The sun is setting over the evergreen spiked canyon as we drive west of Leavenworth, Washington in the North Cascade Mountains. We’ve been climbing–my brother, sister, sister’s boyfriend, brother’s friend and I–for most of the afternoon, and now three of us are searching for a place to camp.
“Couldn’t we just light it with toilet paper?” Noah’s friend suggests, pointing to an outhouse full–as he sees is–of possible kindling.
“No, it won’t work,” Noah and I reply, almost in unison.
“What do you mean, it won’t work? Have you tried it?” he asks, incredulous.
“There’s nothing to it,” Noah explains. “It just burns too fast.”
“I can’t believe you’ve tried to burn toilet paper. I mean, who does that?”
“You don’t understand,” I laugh. “We grew up in the woods. We’ve tried to burn almost everything.”
It’s true. My siblings and I share a childhood in these same North Cascade Mountains, summers spent camping every other night, bashing around the forest without much destination in mind, and lighting fires with just about anything we could find to burn. This moment, driving to a campsite slightly sunburned after a day climbing on baked granite and basalt, feels sweetly familiar, all the sounds and smells of this valley pointing to childhood and, more importantly, to summer.
I realize–as we try to explain that purchasing firewood is a rather excessive measure, when we’re in a perfectly good forest (“On the dry side of the mountains!”)–that Noah and I operate with a sort of shorthand, a secret language built on a common history. We know this will work, because we’ve done it before, dozens of times. Drive, hike, climb, rappel, belay? Build a fire with found wood? Fall asleep outside, when it’s dark, and wake up when we feel like it? Easy. It’s why we don’t run away from mice or snakes, why it takes a giant aerie of bald eagles to awake our fascination, why we decide not to set up a tent when it’s not raining. We’ve been doing this all our lives.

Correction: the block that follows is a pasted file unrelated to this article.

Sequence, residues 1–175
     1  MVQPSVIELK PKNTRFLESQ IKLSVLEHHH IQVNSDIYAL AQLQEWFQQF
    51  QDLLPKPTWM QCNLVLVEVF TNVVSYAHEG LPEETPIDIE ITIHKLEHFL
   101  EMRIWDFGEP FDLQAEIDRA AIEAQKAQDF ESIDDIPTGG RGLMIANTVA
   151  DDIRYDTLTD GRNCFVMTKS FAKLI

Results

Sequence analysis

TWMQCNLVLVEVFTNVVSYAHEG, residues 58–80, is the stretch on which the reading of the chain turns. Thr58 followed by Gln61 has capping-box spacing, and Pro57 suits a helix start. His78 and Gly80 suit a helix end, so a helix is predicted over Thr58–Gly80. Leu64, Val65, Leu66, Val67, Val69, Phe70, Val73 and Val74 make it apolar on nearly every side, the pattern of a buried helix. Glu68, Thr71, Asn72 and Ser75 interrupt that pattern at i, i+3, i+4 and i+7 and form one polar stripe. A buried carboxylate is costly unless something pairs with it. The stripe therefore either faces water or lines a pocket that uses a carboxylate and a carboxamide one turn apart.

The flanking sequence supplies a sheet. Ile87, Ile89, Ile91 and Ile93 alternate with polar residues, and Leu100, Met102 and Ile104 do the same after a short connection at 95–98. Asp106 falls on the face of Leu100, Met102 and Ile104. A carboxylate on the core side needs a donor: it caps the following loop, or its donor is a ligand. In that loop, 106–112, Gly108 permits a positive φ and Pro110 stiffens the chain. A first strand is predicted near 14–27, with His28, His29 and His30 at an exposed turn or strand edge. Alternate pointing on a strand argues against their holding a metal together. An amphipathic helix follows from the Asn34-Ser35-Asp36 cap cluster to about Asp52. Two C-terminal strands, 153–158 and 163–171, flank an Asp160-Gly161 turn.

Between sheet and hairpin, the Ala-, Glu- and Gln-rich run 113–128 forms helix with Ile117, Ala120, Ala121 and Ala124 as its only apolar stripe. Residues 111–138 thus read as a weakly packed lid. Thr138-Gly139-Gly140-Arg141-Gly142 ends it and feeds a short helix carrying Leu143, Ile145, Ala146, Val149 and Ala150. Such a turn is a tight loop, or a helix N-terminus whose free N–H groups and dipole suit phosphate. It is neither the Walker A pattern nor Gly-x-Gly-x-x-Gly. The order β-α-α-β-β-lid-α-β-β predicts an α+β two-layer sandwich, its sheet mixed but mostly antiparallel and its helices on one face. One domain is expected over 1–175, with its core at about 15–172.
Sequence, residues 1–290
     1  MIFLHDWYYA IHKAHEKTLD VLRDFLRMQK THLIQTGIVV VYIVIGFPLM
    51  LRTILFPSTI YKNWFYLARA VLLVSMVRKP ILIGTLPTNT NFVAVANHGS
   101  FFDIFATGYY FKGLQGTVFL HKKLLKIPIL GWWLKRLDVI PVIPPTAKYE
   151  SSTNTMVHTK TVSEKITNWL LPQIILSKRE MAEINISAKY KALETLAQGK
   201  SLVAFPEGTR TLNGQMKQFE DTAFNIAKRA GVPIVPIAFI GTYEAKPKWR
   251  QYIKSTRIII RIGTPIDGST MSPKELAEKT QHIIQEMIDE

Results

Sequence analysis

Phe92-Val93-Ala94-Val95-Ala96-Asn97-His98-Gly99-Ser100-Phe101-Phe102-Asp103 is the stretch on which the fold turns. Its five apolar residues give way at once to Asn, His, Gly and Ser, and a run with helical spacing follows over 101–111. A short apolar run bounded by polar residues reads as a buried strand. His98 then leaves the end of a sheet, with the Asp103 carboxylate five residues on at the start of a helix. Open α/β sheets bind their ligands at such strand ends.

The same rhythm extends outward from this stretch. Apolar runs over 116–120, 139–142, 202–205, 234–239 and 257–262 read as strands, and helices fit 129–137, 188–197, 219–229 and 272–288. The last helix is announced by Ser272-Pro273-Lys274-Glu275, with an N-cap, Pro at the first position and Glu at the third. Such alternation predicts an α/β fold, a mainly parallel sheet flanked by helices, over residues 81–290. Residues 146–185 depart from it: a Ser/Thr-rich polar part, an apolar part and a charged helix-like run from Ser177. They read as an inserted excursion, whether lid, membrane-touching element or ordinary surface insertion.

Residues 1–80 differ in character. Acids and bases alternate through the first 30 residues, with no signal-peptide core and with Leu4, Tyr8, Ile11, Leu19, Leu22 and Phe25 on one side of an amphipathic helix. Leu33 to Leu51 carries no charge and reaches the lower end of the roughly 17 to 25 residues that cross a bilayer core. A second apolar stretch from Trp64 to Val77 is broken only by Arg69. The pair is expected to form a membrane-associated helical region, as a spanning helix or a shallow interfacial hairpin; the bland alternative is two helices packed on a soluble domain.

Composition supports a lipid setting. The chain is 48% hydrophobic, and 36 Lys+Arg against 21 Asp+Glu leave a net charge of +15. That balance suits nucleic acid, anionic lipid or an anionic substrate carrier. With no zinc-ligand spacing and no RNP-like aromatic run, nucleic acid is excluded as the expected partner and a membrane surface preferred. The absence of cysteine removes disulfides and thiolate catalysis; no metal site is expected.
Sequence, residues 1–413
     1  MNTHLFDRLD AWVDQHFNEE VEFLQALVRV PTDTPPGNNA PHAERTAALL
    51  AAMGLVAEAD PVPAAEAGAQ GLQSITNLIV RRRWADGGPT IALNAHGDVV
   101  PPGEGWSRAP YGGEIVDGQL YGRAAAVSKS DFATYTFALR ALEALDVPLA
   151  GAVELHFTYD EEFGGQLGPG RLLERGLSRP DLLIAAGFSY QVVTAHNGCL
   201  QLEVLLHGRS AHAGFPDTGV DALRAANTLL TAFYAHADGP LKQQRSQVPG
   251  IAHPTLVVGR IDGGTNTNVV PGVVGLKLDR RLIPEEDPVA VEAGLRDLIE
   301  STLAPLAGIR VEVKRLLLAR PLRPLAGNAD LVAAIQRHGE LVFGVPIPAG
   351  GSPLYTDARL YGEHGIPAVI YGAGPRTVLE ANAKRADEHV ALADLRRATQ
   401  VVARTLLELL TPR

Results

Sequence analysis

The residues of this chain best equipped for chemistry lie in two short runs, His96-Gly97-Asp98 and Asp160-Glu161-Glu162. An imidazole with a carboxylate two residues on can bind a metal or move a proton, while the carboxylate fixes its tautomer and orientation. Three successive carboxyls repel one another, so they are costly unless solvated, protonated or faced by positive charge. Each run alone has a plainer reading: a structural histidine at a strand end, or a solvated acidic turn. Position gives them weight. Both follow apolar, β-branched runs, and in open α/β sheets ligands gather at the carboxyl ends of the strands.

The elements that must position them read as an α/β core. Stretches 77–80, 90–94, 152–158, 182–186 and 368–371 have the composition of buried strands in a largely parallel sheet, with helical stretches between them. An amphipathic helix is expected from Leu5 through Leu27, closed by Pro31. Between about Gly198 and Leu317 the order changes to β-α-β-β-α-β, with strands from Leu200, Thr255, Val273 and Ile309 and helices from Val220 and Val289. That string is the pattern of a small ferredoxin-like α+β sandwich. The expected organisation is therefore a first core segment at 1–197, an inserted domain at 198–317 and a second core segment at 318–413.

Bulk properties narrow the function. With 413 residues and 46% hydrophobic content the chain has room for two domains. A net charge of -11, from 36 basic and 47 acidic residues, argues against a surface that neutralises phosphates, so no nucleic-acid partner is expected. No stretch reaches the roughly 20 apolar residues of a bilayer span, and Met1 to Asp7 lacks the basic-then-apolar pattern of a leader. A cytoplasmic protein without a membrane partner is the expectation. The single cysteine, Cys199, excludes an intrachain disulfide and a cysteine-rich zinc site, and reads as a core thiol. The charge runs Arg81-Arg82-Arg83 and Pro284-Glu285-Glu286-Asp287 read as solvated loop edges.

It’s an experience I share with my students at Black Forest Academy. Not the climbing and camping and Cascades, but the sense of bondedness that comes from a shared history, from someone else understanding where you come from, even if where you come from is fairly unusual. Our missionary kids, those of the unique heritages and indefinable origins, find this in each other, resting in this sense that a lot of their childhood is a little bizarre, but thankful to know that even this they are known and understood by others who’ve been there, too.
We arrive at our campsite, a titanic boulder overlooking roaring creek and sunset-stained valley. It takes only a few minutes to collect enough dry wood for a fire, only a few minutes more for Noah to transform them into a cheery blaze. We make smores as the sky turns from azure to royal to navy, falling silent as the fire stars appear and the coals burn low. I burrow deeply down into my sleeping bag, closing two myopic eyes one last time on blurry frost of a streetlight-less sky. My arms are sore, the wind is freezing my exposed nose, and what feels like the whole dusty mountain is braided into my tangled hair. Yet I fall asleep, at the end of this perfect summer day, thankful for such a place, such a childhood, such a brother.